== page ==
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Health impact assessment and health equity in sub-Saharan Africa : a scoping review

Leuenberger, A. and Farnham, A. and Azevedo, S. and Cossa, H. and Dietler, D. and Nimako, B. and Adongo, P. B. and Merten, S. and Utzinger, J. and Winkler, M. S.. (2019) Health impact assessment and health equity in sub-Saharan Africa : a scoping review. Environmental impact assessment review, 79. p. 106288.

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Official URL: https://edoc.unibas.ch/71686/

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Abstract

Background:Naturalresourceextractionprojectscanhavepositivebutalsonegativeeffectsonthehealthofaffectedcommunities, governed by demographic, economic, environmental, physical and social changes. Negative effectsoftenprevailandthesemightwidenexistinghealthinequities.Healthimpactassessment(HIA)isadecision-supporttool that aims at maximizing benefits and minimizing negative impacts on people's health. A core value of HIA isequity; yet, little is known about health equity in the frame of HIA, particularly in sub-Saharan Africa.Methodology:Weconducteda scopingreview todetermine whetherand towhat extent HIAin sub-Saharan Africaaddresses health equity. We included peer-reviewed publications and guidelines pertaining to HIA, environmentalimpact assessment (EIA) and social impact assessment (SIA). Health equity was investigated by identifying (i) howhealth considerations were addressed and (ii) whether health was stratified by subgroups of the community.Results:Out of 1′640 raw hits, we identified 62 articles (16 HIA, 36 EIA, one SIA and nine integrated assess-ments),32ofwhichspecificallyaddressedhealth.While20articlesfocusedonaspecifichealthtopic,12articlesusedamorecomprehensiveapproachtoaddresshealth.In15articlestherewerespecificsubgroupanalyses(e.g.mothers, children or marginalized groups) as a measure of health equity. Another 12 papers referred to thecommunity in a more general way (e.g. affected). Without exception, health was an integral part of the nineincluded guidelines. HIA guidelines addressed health systematically through environmental health areas, riskassessment matrix or key performance indicators.Conclusions:We found evidence that previously conducted HIA in sub-Saharan Africa and current guidelinesaddresshealthequity.However,thereisaneedtostratifycommunitysubgroupsmoresystematicallyinordertodeterminehealthdifferentialsbetter.FutureHIAshouldconsidercommunityheterogeneityinanefforttoreducehealth inequities by "leaving no one behind", as suggested by the Sustainable Development Goals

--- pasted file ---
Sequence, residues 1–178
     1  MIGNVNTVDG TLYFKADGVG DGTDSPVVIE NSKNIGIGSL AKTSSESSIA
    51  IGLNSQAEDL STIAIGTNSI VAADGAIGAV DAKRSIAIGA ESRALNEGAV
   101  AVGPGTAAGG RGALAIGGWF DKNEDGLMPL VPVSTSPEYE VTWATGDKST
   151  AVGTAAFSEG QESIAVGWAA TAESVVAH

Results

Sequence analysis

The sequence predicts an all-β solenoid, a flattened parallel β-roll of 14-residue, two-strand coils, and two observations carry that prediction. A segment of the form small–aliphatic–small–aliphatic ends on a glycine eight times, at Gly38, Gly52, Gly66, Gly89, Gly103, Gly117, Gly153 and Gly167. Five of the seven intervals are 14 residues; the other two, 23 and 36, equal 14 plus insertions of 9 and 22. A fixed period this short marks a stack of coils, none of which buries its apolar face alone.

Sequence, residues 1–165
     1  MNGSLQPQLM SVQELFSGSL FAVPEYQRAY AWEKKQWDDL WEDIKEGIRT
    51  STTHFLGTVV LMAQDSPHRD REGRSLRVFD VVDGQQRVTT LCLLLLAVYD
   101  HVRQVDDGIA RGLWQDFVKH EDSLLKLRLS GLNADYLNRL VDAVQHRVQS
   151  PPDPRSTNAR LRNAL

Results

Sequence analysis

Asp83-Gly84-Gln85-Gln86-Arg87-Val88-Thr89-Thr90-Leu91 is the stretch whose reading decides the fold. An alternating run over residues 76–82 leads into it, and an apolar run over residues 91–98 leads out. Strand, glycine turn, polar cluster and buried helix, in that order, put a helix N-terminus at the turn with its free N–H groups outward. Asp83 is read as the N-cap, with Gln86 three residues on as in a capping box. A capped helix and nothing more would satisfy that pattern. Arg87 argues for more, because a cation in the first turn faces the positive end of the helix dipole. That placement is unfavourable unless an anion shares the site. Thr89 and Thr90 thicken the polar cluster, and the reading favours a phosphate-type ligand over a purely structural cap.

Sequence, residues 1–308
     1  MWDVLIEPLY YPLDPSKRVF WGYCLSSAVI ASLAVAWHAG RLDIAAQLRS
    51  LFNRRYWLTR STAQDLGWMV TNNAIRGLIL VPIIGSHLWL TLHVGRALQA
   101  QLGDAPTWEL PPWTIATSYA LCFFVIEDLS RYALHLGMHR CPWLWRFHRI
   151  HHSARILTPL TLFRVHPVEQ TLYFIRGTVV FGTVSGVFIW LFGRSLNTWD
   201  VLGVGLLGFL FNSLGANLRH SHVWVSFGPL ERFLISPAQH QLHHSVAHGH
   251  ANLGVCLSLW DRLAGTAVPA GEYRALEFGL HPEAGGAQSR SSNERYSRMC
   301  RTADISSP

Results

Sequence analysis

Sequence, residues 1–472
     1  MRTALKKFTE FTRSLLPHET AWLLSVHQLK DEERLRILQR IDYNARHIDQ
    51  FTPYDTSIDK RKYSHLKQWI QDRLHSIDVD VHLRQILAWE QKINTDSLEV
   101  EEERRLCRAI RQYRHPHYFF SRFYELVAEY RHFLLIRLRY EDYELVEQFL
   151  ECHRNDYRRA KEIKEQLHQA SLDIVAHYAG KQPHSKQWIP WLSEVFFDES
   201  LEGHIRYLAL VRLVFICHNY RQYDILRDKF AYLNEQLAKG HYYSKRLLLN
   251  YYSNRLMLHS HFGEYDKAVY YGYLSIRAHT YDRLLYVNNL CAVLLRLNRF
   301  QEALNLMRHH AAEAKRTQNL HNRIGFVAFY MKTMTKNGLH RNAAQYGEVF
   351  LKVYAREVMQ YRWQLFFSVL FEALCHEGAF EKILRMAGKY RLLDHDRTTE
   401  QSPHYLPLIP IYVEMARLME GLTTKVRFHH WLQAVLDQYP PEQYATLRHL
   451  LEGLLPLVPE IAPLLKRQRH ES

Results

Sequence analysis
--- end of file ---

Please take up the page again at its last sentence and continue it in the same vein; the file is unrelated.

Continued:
Faculties and Departments:09 Associated Institutions > Swiss Tropical and Public Health Institute (Swiss TPH) > Department of Epidemiology and Public Health (EPH) > Eco System Health Sciences > Health Impact Assessment (Utzinger)
09 Associated Institutions > Swiss Tropical and Public Health Institute (Swiss TPH) > Department of Epidemiology and Public Health (EPH) > Society, Gender and Health > Gender and Inequities (Merten)
UniBasel Contributors:Leuenberger, Andrea and Farnham, Andrea and Azevedo, Sophie and Cossa, Herminio Fernando Humberto and Dietler, Dominik and Nimako, Belinda and Merten, Sonja and Utzinger, Jürg and Winkler, Mirko
Item Type:Article, refereed
Article Subtype:Research Article
Publisher:Elsevier
ISSN:0195-9255
Note:Publication type according to Uni Basel Research Database: Journal article
Language:English
Identification Number:
Last Modified:13 Aug 2019 07:39
Deposited On:13 Aug 2019 07:39

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